NFTs have taken the world by storm this year. Digital artists such as Beeple, who sold an NFT collection for $69 million in March, have found new ways to generate value from their creations. The intriguing part of this story is not simply that a piece of digital art sold for such a sum. It’s that it can fetch that sum because its scarcity is assured by blockchain. Without the NFT securing the art, it’s just another digital file that anyone can replicate or manipulate.
For the indie filmmaker, this is a game-changer. Many Kickstarter movies offer digital rewards, such as artwork or posters or access to behind-the-scenes footage. However, this kind of digital merchandise doesn’t provide the kind of scarcity that makes it valuable. Sure, the owner might get an MP4 clip that they can watch on their devices whenever they like. But unless they can sell or trade it, it’s not representative of their investment – it’s merely a souvenir.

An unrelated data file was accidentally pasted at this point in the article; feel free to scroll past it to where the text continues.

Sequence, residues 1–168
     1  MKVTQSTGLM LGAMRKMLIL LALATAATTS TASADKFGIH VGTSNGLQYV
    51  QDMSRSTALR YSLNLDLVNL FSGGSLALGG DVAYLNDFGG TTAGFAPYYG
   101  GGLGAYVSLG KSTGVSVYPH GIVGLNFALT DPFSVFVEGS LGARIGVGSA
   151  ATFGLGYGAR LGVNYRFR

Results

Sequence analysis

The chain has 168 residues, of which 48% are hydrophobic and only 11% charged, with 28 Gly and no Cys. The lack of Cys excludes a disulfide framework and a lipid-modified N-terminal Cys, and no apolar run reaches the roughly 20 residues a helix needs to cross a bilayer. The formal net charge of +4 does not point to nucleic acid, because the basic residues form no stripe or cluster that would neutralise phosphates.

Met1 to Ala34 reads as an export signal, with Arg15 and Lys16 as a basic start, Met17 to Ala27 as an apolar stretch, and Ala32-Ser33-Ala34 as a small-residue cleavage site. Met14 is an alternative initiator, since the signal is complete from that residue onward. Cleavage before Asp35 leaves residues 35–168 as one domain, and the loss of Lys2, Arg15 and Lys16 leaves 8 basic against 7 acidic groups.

Issuing these merchandise assets as NFTs, and having a secure, reliable, and liquid secondary market for such assets, like those that exist in physical movie merchandise, is set to provide a lucrative source of revenue to moviemakers everywhere, while allowing fans to own a liquid piece of intellectual property that’s related to the film. This allows for a deeper and more symbiotic relationship between producer and fan.
Giving Fans a Voice
Even before a movie enters into fundraising, filmmakers can gauge audience sentiments using token-based voting systems. Movies such as Deadpool and Sonic the Hedgehog only ever made it into production thanks to fan pressure. Even then, fans were able to influence certain decisions. For example, Ryan Reynolds was able to secure the leading man role thanks to his efforts in winning over fans with his engagement activities, even though the studio had expressed a desire to cast someone else.